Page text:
Until today, I thought the last people of French origin worthy of any respect were Charles Martel and his army of Franks - the men who heroically beat back the advance of Islamic armies into Europe. That was in 732 A.D. - a turning point in history.
It has been a long dry spell, but today, I can stand and salute France's stand on free speech, and in particular, the publishers of the French magazine Charlie Hebdo, a magazine that has had its headquarters firebombed previously for "blasphemy" against the Prophet of the religion of peace. The magazine is in the midst of publishing more caricatures of Mohammed and the radical Islamists, this time based on the movie "Innocence of Muslims." This from the USA Today:
France stepped up security at some of its embassies on Wednesday after a satirical Parisian weekly published crude caricatures of the Prophet Mohammed. The prime minister said he would block a demonstration by people angry over a movie insulting to Islam as the country plunged into a fierce debate about free speech.
The government defended the right of magazine Charlie Hebdo to publish the cartoons, which played off of the U.S.-produced film The Innocence of Muslims, and riot police took up positions outside the offices of the magazine, which was firebombed last year after it released an edition that mocked radical Islam.
What, no phone calls to the publisher from the Chief of Staff? No statements of disgust at the content from the President or the Sec. of State? No calls from the left to have the publisher jailed for blasphemy against Islam? Government protection of the publisher instead of sending brown-shirts to drag him from his home after midnight for questioning - or fingering him for the Islamists?
Hey, this is France, people, the place that quite literally introduced the word "surrender" into Anglo-Saxon English. This is the place that probably has more white flag factories than any other place on this earth. This is the place that gave birth to socialism and the war on Christianity. And their government - albeit with some wavering - and at least a part of their media are showing more backbone than our current administration and media?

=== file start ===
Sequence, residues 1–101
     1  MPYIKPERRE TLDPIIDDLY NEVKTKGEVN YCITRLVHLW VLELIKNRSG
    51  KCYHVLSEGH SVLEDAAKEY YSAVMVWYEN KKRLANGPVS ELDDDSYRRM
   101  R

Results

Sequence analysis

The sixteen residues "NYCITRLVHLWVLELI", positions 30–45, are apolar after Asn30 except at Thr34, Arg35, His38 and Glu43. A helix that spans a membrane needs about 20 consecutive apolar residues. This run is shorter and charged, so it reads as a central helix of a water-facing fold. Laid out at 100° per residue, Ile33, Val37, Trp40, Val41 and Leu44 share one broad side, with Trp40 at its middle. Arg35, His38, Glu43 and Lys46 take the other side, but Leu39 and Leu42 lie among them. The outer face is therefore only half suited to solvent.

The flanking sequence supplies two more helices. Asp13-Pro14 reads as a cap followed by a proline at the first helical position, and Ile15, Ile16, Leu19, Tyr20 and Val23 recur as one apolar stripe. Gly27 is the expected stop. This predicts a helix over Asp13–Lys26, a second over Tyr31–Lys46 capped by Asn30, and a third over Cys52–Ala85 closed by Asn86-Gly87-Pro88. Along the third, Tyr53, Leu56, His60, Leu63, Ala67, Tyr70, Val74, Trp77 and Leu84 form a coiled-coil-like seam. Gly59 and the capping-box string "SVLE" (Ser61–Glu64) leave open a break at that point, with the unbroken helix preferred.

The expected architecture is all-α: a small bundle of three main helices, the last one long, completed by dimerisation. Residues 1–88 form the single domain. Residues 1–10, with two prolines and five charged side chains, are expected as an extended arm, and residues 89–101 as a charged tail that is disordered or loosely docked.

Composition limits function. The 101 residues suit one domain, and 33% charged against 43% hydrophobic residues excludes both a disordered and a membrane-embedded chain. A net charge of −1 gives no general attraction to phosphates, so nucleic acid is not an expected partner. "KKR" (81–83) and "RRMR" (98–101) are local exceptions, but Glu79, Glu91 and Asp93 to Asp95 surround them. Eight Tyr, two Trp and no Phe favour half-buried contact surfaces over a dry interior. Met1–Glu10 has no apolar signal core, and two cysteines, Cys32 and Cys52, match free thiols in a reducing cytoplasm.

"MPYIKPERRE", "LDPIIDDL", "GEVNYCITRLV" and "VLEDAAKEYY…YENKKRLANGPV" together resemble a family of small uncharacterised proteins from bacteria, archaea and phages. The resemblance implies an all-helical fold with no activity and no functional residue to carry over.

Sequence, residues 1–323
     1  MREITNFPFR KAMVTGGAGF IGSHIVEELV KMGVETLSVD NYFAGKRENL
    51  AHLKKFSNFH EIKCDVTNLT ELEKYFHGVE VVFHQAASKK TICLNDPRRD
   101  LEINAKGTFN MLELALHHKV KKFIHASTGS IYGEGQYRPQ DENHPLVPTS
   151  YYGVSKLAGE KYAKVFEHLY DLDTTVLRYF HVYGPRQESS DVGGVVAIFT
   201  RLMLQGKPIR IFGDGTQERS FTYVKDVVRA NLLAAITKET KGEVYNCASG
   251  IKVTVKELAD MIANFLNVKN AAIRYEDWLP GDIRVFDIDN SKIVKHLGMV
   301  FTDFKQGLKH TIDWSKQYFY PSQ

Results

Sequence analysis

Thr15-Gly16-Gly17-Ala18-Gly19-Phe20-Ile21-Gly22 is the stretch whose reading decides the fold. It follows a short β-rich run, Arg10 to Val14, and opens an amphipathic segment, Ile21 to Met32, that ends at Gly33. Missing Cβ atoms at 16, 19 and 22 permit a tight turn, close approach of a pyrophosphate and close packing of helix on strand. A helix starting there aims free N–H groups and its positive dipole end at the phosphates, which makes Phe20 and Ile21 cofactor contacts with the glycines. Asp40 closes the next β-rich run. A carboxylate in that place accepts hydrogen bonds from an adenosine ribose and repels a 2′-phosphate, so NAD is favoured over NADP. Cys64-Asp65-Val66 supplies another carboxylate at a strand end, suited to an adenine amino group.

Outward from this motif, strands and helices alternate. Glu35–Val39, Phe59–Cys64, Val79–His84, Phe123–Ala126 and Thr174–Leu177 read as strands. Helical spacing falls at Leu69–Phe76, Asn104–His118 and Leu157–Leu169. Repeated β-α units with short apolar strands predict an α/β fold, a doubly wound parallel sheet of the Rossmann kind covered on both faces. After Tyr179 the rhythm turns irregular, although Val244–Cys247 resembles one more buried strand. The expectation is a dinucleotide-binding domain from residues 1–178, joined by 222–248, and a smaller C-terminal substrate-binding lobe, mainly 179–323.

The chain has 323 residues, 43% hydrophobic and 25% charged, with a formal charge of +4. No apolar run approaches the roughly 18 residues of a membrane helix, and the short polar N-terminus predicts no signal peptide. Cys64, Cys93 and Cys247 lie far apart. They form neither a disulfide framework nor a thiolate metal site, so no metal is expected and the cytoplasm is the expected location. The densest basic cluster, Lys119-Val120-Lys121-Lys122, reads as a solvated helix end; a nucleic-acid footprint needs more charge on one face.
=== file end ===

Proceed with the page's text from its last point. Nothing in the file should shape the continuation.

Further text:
The small-circulation weekly Charlie Hebdo often draws attention for ridiculing sensitivity around the Prophet Mohammed, and an investigation into the firebombing of its offices last year is still open. The magazine's website was down Wednesday for reasons that were unclear.
One of the cartoonists, who goes by the name of Tignous, defended the drawings in an interview Wednesday with the AP at the weekly's offices, on the northeast edge of Paris amid a cluster of housing projects.
"It's just a drawing," he said. "It's not a provocation." . . .
On the streets of Paris, public reaction was mixed.
"I'm not shocked at all. If this shocks people, well too bad for them," said Sylvain Marseguerra, a 21-year-old student at the Sorbonne. "We are free to say what we want. We are a country in which freedom prevails and ... if this doesn't enchant some people, well too bad for them."
Khairreddene Chabbara disagreed. "We are for freedom of expression, but when it comes to religion it shouldn't hurt the feelings of believers."
Charlie Hebdo has courted potentially dangerous controversy in the past. Last November the magazine's front-page, was subtitled "Sharia Hebdo," a reference to Islamic law, and showed caricatures of radical Muslims. The newspaper's offices were destroyed in a firebomb attack just hours before the edition hit newsstands.
In 2006, Charlie Hebdo printed reprints of caricatures carried by a Danish newspaper in 2005 that stoked anger across the Islamic world. Many European papers reprinted the drawings in the name of media freedom.
Charlie Hebdo has also faced legal challenges. The weekly was acquitted in 2008 by a Paris appeals court of "publicly abusing a group of people because of their religion" following a complaint by Muslim associations. . . .
For refusing to back down and silence themselves in response to the violent animals of the Middle East - and those in their own midst - I can honestly say that I now have respect for a second group of French people very much in the mold of their great predecessor, Charles Martel. Let me utter words that I honestly thought would never pass my lips: Viva La' France.